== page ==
Seriously, though. This WAS her idea. And it was actually a lot of fun.
From here we made our way over to Dunluce Castle to see the ruined structure before it completely collapses into the sea.
All in all, it was a fantastic day. When the sun was shining, short sleeves were just fine. But when the clouds began to return in the evening we were once again glad we had our heavy coats.
Tomorrow we check out of our lovely hotel and make our way to Derry and on to dear old Donegal Town.
We got up bright and early and had ourselves the full Irish breakfast. Mmmmmm, blood pudding! Cynthia’s feeling much better after the whole incident with breaking my glasses.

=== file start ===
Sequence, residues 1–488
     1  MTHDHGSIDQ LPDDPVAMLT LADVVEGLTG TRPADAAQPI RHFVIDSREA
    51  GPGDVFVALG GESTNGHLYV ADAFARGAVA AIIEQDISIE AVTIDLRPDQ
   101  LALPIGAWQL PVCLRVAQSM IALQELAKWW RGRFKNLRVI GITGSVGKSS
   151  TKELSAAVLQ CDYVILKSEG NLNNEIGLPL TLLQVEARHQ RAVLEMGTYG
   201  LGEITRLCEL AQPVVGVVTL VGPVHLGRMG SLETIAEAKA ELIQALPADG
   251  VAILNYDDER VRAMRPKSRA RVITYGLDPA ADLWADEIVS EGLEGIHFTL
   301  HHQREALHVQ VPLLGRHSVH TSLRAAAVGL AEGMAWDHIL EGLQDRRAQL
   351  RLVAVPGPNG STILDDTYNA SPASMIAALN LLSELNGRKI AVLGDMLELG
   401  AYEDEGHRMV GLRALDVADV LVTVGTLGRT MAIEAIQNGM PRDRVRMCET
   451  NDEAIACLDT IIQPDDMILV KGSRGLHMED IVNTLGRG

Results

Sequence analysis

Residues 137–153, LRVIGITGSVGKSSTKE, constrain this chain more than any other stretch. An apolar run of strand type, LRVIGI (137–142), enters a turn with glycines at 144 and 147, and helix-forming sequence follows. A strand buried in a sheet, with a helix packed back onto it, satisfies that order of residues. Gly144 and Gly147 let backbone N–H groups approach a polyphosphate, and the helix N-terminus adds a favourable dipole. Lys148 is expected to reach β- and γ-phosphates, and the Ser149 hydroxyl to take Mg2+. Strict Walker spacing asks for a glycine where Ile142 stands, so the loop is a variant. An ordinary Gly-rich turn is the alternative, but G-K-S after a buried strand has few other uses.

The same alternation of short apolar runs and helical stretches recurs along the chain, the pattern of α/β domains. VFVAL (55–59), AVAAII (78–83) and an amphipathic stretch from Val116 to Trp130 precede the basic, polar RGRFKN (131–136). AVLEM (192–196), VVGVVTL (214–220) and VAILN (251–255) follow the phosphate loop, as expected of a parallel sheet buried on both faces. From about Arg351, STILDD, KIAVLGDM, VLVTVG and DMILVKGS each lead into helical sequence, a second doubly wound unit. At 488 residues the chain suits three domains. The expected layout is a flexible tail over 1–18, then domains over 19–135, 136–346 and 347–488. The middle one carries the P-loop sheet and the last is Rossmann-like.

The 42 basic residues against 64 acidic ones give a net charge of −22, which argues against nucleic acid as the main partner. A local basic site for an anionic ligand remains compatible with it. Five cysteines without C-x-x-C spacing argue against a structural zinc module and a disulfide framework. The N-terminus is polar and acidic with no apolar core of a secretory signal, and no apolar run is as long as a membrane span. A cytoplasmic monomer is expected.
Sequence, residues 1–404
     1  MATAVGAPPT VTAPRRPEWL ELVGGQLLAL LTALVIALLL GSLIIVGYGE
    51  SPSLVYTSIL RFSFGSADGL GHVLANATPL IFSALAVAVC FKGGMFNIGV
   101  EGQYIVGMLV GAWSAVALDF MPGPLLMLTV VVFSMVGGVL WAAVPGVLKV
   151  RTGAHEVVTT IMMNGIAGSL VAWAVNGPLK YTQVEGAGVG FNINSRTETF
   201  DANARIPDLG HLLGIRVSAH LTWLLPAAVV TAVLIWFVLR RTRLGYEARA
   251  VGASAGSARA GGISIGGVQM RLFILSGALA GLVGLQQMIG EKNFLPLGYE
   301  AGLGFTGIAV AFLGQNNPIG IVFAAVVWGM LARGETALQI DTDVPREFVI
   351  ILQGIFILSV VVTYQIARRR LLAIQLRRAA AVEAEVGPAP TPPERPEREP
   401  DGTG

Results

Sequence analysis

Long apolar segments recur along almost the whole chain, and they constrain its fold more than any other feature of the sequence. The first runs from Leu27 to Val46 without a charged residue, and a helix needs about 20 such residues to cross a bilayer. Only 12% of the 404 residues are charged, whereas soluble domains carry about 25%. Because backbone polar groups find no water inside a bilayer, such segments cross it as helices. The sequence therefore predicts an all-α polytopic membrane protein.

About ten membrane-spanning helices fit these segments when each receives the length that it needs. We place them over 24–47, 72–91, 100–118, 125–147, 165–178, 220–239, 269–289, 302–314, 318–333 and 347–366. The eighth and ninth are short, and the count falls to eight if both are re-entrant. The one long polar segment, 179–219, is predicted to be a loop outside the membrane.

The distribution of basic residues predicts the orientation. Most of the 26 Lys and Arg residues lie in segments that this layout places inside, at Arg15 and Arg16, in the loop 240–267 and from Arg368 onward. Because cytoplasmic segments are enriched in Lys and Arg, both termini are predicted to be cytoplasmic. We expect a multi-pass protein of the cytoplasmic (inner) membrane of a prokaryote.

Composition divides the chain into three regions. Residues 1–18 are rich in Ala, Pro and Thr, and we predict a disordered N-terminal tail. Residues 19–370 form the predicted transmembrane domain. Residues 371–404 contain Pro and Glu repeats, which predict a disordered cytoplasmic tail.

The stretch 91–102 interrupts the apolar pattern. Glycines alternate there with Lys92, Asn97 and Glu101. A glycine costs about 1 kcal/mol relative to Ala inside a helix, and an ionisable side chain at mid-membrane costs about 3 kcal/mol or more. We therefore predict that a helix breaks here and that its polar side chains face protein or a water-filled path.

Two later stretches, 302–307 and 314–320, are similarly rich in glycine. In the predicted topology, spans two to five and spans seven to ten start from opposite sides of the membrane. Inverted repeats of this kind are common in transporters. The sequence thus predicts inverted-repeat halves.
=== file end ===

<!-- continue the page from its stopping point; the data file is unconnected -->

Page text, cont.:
We only chose to stay in Dundalk because it wasn’t far from the airport and made for a good jumping off point to head north.
After breakfast we packed up our gear, loaded the car and headed off to drive to Belfast and then link up with the Causeway Coastal Route.
The first place we wanted to see was Carrickfergus. We stopped to see the castle and take in the view of the sea. It was a pleasant stop.
The coastal route takes you along the upper north coast of Northern Ireland and is something to see. Beautiful landscapes along a winding, twisty road that sometimes gets down to a single lane for two way traffic. This can be quite intense as you drive along, having to yield to oncoming traffic with practically nowhere to go. To make matters even worse, there was a bike rally of some kind going on and we had to carefully and frequently pass cyclists along the way.